girls in fancy dress eating pancake

Try having a snack lunch and larger dinner or vice versa. Share some pizza or chips at lunch time, and then go wild on pie and mash for dinner for example. In my experience meals range in price from  about £6 to £12 so you could easily spend £50 for a family of 4 per meal if you are not careful!

I'm lucky as I only have DD and I to worry about. I frequently skip lunch altogether, surviving on beer, crisps and snacks and then we spend about £20 on an evening meal. Drink is pricey too of course, so pace yourself. Most festivals have cashpoint machines but they may charge £1.50 to withdraw anything and can have long queues, but remember to store cash carefully, split it into separate amounts and don't carry it all together.

How much do you budget for festival food? I look at £10 per person per day, with extra for alcoholic drinks. We have snack breakfast and snack lunch. Don't forget to pack small cartons of drink for the children and taking bottles to refill at the free water points too.

Pop over to TentSniffer on Twitter to chat - or comment over on FaceBook.

Thursday, 21 July 2016

Curious Arts - what I want to see most

Last year I missed the Friday at the Curious Arts Festival as DD was still at school, this year as a teen she has finished her GCSEs and so we will be there for the opening at 12 noon.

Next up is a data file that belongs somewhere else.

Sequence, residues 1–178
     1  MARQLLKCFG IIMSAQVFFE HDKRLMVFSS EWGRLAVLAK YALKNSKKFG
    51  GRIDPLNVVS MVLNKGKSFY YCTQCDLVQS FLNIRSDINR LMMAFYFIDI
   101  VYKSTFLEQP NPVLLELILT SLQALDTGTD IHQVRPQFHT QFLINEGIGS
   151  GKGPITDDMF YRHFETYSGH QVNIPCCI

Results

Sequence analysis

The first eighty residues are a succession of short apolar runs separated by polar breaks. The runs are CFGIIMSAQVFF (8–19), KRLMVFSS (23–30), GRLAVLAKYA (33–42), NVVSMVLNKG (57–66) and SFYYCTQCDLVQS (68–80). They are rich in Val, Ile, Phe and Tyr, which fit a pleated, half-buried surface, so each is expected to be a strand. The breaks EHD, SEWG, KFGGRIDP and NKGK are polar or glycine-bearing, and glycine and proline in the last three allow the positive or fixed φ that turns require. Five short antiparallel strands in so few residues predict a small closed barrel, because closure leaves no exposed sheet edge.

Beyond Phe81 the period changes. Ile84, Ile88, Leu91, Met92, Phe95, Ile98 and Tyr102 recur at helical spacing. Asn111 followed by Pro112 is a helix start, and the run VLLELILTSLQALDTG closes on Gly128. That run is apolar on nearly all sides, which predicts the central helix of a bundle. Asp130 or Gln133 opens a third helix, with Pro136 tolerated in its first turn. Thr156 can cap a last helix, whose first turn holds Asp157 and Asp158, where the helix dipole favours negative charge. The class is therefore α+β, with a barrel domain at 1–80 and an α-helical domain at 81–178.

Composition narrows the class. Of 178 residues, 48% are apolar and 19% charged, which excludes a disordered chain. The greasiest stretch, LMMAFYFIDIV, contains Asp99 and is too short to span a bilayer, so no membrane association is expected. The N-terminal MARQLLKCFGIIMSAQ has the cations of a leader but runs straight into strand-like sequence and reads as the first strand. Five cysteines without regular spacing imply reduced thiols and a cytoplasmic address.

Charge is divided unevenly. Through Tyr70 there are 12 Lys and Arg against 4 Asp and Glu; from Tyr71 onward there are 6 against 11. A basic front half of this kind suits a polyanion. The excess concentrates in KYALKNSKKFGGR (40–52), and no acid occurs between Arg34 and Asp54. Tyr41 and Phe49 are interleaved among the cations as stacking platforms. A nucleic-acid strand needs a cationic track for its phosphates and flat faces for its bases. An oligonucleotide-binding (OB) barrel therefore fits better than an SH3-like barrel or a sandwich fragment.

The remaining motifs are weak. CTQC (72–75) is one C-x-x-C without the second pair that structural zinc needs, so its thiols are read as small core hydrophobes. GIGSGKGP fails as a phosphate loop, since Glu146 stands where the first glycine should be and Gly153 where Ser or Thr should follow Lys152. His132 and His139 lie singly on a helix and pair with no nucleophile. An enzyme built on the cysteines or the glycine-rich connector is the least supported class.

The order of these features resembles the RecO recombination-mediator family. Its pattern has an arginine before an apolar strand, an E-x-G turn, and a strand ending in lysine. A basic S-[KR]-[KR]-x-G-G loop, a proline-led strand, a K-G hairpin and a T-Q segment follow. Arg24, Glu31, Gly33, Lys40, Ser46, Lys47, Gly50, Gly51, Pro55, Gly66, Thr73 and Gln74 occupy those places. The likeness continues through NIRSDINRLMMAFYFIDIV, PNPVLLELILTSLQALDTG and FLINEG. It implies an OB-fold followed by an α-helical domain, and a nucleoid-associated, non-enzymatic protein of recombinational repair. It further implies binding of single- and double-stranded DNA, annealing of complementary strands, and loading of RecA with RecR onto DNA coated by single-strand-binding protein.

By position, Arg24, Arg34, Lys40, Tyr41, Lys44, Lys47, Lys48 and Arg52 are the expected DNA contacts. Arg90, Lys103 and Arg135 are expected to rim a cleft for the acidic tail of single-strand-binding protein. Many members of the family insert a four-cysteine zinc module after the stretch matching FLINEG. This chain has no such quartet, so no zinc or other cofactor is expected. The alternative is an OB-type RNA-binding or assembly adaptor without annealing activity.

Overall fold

This means that hopefully we can catch the Curious Arts cricket match, as while I don't like watching cricket on TV I do love a live match, especially at a festival, with gin...


Other things I really want to catch are the conversation with Celia Imrie and I'm hoping to see Carol Ann Duffy, and Clare Conville.

There are always lots of weird and wonderful things going on during the day, so after grabbing a refreshing drink I hope to watch the snail racing, and maybe the Curious Silent Yoga Disco.

The comedy is always a highlight and is DD's favourite (especially last year when I ended up on the stage being made fun of!) so we will both be looking forward to the Noise Next Door, Simon Evans, Zoe Lyons and the other witty jokesters.


Children are not left out either, and even though neither DD nor I are tiny we sometimes join in the silly games and fun at the children's tent, after all at a festival we are all children aren't we. And there is a Curious Bear Hunt at lunchtime on Sunday!


I haven't even started on the music! Because music is an art form too of course and the musical line up is always good, discovering new bands is one of the best things about a festival, and on Saturday we shall be listening to Billy Bragg.

If you haven't got tickets, you can still get day tickets at Curious Arts Tickets - including tickets just for a day. And children 13 and under are FREE! Dogs are welcome too...so no excuse really - see you there!